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August 20, 2021

Overwhelmed hospitals are sending Covid-19 patients 500+ miles away for care

Daily Briefing

    As some states set Covid-19 hospitalization records, many overwhelmed hospitals are outsourcing patients on planes, helicopters, and ambulances to distant cities and states for treatment, Heather Hollingsworth and Jim Salter write for the Associated Press.

    Transfers hundreds of miles away

    As of last week, the number of Covid-19 patients in most hospitals remained below winter surge levels, Hollingsworth and Salter report. However, Florida, Arkansas, Oregon, Hawaii, Louisiana, and Mississippi recently set pandemic hospitalization records.

    And unlike in the winter surge, many hospitals were already strained this summer due to patients catching up on previously deferred care, according to Hollingsworth and Salter.

    "We are seeing Covid patients and we are seeing car accidents and we are seeing kids come in with normal seasonal viral infections. And we are seeing normal life come into the emergency department along with the extra surge of Covid patients, so it is causing that crisis," said Mark Rosenberg, president of the American College of Emergency Physicians.

    Amid the influx of patients, many of these overwhelmed hospitals are looking to neighboring cities and states for relief. For instance, in Arizona, a Covid-19 hotline is receiving calls from hospitals in Wyoming, Arkansas, Texas, and California in search of bed space, Hollingsworth and Salter report—although the hotline often cannot provide any help.

    In Kansas, officials at the Wilson Medical Center in Kansas had to call 40 other facilities in several states seeking a bed for a Covid-19 patient before finally finding an available bed about 220 miles away. Across the state, according to Motient, a company contracting with Kansas to manage transfers, Covid-19 patients generally have to wait an average of 10 hours before being flown to another hospital location, which could be in Wisconsin, Illinois, Colorado, or Texas.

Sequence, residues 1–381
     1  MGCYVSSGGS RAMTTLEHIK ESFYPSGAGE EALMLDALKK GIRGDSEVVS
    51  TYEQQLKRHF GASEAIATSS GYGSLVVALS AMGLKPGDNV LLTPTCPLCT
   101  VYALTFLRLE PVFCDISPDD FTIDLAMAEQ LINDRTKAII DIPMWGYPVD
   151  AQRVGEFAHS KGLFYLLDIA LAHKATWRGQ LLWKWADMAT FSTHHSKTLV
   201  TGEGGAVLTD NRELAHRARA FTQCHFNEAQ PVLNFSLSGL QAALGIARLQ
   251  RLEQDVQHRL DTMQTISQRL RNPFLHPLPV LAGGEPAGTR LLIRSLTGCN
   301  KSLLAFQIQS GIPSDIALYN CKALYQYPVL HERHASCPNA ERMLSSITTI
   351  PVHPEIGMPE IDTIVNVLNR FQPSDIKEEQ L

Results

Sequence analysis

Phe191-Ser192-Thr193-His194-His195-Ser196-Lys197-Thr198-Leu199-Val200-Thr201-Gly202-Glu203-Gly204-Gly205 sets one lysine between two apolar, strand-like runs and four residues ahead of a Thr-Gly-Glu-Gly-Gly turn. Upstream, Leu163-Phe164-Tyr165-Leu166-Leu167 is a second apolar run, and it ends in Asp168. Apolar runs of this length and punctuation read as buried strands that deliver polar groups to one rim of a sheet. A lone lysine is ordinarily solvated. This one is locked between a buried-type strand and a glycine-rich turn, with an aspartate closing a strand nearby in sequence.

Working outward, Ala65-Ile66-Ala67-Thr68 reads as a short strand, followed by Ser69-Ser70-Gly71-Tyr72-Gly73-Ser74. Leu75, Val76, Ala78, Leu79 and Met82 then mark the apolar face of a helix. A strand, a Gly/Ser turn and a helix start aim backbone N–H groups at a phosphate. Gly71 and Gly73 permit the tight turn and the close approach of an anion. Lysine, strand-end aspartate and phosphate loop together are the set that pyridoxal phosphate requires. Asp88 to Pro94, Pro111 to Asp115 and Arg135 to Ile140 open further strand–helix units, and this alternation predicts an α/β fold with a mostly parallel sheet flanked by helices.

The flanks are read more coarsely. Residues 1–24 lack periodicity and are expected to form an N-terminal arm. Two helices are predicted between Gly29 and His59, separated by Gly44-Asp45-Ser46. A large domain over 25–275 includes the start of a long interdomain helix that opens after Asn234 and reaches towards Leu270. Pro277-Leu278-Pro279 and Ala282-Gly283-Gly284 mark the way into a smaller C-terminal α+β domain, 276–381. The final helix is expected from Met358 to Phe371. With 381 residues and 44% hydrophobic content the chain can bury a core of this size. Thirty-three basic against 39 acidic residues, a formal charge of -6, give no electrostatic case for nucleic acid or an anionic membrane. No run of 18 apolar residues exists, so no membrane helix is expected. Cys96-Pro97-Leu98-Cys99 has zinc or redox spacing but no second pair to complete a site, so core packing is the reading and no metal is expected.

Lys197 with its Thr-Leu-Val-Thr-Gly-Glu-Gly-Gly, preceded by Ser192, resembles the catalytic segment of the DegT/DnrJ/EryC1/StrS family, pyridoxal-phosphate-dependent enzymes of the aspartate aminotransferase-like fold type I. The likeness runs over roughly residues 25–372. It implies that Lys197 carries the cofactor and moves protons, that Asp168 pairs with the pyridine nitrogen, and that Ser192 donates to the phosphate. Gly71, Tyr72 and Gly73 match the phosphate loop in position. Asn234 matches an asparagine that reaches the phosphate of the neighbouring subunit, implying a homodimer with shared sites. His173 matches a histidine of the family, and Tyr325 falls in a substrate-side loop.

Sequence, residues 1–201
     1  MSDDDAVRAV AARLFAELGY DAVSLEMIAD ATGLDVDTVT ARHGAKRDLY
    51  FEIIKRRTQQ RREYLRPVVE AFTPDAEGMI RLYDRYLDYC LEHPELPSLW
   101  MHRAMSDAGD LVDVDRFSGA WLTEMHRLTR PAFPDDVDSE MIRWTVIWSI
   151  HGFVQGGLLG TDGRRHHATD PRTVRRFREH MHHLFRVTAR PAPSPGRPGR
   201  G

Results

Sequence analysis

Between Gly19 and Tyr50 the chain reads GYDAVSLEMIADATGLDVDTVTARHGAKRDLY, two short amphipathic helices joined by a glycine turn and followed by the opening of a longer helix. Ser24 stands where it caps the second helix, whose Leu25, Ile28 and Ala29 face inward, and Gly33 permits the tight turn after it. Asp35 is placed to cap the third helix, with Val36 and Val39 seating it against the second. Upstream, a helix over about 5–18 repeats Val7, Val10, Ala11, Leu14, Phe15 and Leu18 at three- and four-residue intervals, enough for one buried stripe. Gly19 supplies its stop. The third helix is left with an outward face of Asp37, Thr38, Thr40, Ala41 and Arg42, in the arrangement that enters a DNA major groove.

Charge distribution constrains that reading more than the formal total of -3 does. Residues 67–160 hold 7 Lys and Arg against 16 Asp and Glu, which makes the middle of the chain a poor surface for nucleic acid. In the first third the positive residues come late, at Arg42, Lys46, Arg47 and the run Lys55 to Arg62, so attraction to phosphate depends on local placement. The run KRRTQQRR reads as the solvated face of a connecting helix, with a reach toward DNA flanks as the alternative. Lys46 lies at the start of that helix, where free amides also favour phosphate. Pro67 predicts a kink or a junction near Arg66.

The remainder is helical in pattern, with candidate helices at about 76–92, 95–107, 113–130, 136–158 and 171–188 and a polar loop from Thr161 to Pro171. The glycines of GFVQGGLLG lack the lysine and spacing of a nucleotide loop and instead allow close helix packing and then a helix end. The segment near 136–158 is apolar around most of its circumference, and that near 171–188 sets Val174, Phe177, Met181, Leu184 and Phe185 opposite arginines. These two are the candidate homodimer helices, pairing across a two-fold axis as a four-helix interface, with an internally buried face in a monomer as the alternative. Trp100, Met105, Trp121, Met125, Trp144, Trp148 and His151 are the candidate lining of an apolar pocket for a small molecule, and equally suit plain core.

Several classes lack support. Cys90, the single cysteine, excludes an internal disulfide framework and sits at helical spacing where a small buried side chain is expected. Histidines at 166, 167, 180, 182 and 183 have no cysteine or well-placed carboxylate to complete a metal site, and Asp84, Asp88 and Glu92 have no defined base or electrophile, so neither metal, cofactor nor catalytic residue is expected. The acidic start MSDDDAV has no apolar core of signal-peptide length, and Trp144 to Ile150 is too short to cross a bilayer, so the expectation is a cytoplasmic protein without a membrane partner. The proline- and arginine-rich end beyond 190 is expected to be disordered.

"That is just the worst day that you can have in the emergency room as a provider," Richard Watson, Motient's founder, said, "to be taking care of a patient that you are totally helpless to give them what you know they need."

    Similarly, in Washington state, the 25-bed Prosser Memorial Hospital, doesn't have an intensive care unit, so critically ill patients are being sent as far as eastern Idaho—600 miles away.

    Staffing shortages, low vaccination rates add to the problem

    Finding a hospital to take in patients has become more difficult due to recent staffing shortages, according to Robin Allaman, CNO at the Kearny County Hospital in Kansas.

    "Most [hospitals] are saying it isn't that they don't have an open bed, it is that they don't have nursing staff to care for them," he said. Officials at his hospital called health systems in Nebraska, Oklahoma, and New Mexico before one in Colorado Springs, Colo.—200 miles away—agreed to take a recent patient.

    Watson said these delayed transfers can have dire consequences for patients, especially those who need to see specialists, who often are available only in larger hospitals. "Imagine being with your grandma in the ER who is having a heart attack in western Kansas and you are saying, 'Why can't we find a bed for her?' We are watching this happen right in front of us. 'This is America. Why don't we have hospital bed for her?' Well, here we are," he said.

    And while experts had hoped that the vaccines would prevent hospitals from becoming overwhelmed again, Justin Lessler, a professor of epidemiology at Johns Hopkins University, said there hasn't been the reduction in hospitalizations that officials had hoped for. That's in part because the delta variant seems to be more severe, particularly in younger people, whose vaccination rates are lower.

    Steve Edwards—CEO of CoxHealth, whose hospital in Springfield, Mo., is treating patients from as far away as Alabama—added, "Just imagine not having the support of your family near, to have that kind of anxiety if you have someone grow acutely ill." (Hollingsworth/Salter, Associated Press, 8/18)

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